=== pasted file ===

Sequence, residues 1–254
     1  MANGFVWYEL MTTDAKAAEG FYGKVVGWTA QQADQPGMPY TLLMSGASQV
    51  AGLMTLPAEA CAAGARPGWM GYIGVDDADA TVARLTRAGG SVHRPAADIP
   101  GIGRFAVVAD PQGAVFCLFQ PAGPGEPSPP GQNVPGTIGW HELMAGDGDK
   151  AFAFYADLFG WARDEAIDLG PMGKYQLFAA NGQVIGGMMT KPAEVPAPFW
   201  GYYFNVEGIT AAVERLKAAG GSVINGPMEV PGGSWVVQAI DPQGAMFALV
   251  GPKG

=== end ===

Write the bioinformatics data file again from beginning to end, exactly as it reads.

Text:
Sequence, residues 1–254
     1  MANGFVWYEL MTTDAKAAEG FYGKVVGWTA QQADQPGMPY TLLMSGASQV
    51  AGLMTLPAEA CAAGARPGWM GYIGVDDADA TVARLTRAGG SVHRPAADIP
   101  GIGRFAVVAD PQGAVFCLFQ PAGPGEPSPP GQNVPGTIGW HELMAGDGDK
   151  AFAFYADLFG WARDEAIDLG PMGKYQLFAA NGQVIGGMMT KPAEVPAPFW
   201  GYYFNVEGIT AAVERLKAAG GSVINGPMEV PGGSWVVQAI DPQGAMFALV
   251  GPKG